In York, where I live, the Tour de France excited enormous attention, with bicycles spray-painted in yellow appearing in shop windows, attached to restaurants, even hung up on walls. Personally, although I ride a bike myself, I found it hard to get excited about waiting in a crowd for a mass of cyclists to whizz past in a flash – especially as they didn’t start racing until well after they left the city centre.
But as an environmentalist I’m keen on bikes, and I was delighted to discover a supplier in India which makes gifts such as picture frames, clocks and jewellery from recycled bike chains and cogs – even a sturdy bottle-opener, the perfect gift for men. There are thousands of bike repair shops in India, and they discard quantities of chains because they’re broken or have incorrect sized links. To ‘upcycle’ them into gifts provides jobs for unemployed artisans, prevents more waste being sent to landfill sites, and gives us here some wonderfully creative products.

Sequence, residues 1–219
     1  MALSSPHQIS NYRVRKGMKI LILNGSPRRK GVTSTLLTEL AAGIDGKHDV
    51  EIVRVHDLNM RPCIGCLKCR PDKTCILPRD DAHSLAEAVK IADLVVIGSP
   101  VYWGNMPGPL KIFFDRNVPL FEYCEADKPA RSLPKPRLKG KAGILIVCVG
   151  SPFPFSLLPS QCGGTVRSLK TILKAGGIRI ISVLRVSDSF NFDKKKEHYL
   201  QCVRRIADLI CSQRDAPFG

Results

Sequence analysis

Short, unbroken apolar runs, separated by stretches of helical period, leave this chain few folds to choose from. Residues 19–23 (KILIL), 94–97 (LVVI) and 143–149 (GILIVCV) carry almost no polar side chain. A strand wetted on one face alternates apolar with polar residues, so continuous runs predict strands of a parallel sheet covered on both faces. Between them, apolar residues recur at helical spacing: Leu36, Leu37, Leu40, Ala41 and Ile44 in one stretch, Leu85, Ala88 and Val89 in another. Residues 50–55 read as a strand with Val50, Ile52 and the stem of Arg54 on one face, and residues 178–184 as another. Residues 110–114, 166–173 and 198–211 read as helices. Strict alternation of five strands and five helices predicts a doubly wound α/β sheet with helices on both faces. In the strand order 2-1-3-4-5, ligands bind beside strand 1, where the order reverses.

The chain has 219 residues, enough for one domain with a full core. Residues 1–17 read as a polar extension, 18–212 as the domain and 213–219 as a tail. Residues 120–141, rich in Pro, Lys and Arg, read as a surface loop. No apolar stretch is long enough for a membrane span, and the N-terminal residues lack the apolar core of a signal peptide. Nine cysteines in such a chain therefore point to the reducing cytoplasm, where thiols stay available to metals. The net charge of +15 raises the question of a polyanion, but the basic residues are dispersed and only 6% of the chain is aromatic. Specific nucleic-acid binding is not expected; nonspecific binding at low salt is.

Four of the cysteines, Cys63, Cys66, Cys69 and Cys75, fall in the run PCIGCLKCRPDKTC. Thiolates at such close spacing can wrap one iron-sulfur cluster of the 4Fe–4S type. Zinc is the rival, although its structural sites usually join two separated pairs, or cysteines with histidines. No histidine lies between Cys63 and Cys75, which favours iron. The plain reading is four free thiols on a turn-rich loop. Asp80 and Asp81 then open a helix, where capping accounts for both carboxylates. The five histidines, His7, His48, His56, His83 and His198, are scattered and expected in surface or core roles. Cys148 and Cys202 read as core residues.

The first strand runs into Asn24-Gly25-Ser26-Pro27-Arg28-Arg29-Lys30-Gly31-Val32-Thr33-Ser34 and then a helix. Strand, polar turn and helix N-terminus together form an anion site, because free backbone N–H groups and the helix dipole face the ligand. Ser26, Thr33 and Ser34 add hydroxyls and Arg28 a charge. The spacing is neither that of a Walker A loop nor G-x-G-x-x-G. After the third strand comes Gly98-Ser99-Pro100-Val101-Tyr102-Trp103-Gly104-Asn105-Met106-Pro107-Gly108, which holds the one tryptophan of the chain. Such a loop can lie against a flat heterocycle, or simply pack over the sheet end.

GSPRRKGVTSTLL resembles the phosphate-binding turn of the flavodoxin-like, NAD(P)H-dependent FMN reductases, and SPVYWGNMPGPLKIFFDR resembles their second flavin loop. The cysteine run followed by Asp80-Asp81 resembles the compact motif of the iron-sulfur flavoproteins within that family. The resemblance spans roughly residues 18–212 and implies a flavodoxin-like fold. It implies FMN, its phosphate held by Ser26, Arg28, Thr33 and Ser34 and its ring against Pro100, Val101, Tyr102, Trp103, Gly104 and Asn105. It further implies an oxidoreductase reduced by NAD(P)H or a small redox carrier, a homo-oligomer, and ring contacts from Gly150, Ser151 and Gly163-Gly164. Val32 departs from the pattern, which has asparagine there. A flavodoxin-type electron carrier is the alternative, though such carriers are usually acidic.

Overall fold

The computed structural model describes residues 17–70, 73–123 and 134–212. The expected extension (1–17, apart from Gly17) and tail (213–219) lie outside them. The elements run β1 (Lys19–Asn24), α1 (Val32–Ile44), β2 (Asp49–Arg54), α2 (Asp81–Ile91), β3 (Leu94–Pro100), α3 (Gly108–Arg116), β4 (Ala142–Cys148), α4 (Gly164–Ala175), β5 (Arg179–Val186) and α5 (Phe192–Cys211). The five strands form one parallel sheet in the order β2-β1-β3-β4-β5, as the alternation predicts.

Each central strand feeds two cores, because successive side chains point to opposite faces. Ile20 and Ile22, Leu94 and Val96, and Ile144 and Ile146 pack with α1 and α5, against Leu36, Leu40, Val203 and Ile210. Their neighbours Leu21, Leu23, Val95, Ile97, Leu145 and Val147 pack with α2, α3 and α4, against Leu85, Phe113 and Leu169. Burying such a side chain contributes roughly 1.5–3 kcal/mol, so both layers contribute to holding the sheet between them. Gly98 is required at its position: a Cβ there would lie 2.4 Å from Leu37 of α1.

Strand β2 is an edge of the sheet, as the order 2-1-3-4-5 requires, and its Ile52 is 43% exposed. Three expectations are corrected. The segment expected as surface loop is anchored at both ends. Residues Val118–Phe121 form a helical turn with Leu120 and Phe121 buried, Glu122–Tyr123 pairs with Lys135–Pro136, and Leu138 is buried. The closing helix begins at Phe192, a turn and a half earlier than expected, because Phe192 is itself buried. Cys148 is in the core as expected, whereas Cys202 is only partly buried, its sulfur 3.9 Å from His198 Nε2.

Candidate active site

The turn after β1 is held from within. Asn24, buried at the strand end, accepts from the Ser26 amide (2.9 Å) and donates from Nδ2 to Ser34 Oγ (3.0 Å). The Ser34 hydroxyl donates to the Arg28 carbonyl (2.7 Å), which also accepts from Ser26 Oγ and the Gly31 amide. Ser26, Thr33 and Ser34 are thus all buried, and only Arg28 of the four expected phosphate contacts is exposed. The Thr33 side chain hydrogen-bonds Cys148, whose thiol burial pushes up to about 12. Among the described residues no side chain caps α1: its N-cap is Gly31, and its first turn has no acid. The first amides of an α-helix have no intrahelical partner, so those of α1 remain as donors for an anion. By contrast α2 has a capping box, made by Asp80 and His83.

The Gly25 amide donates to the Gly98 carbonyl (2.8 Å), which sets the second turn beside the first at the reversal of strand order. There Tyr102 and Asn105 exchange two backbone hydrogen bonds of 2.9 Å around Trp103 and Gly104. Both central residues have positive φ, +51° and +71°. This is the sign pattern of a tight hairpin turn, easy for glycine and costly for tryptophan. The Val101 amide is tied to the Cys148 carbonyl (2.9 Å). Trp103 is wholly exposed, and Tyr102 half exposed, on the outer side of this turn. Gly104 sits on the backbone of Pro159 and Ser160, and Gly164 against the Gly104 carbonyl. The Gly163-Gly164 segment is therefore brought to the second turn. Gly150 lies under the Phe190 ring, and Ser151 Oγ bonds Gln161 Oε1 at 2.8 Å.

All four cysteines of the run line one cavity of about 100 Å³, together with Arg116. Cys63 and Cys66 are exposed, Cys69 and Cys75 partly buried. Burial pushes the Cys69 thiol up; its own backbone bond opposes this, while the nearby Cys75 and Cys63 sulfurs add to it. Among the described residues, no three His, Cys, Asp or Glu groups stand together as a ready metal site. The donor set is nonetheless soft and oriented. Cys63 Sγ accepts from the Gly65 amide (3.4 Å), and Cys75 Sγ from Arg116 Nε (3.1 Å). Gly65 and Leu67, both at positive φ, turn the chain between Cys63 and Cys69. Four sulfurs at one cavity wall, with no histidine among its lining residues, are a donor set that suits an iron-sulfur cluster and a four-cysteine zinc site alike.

The organisation responsible is called Noah’s Ark, in Moradabad, which supports over 500 artisans on fair wages. Kamroor Hasam runs the bike chain workshop, welding chains into the shape of a picture frame, which also removes any oil and dust. After this it will be put into a hot cleaning solution, polished and finished off. Kamroor’s products are even appearing in UK bike shops, keen to diversify and have a few small gifts to add to their sales.
A similar product is the bicycles, cars, camper vans, planes etc which are made from tin cans in Madagascar. They’re made by a co-operative which was formed in 1994 to promote Malagasy handicrafts (great to be able to tell your customers they’re from Madagascar – much better than from a factory in China!).
Jeremy Piercy (MD)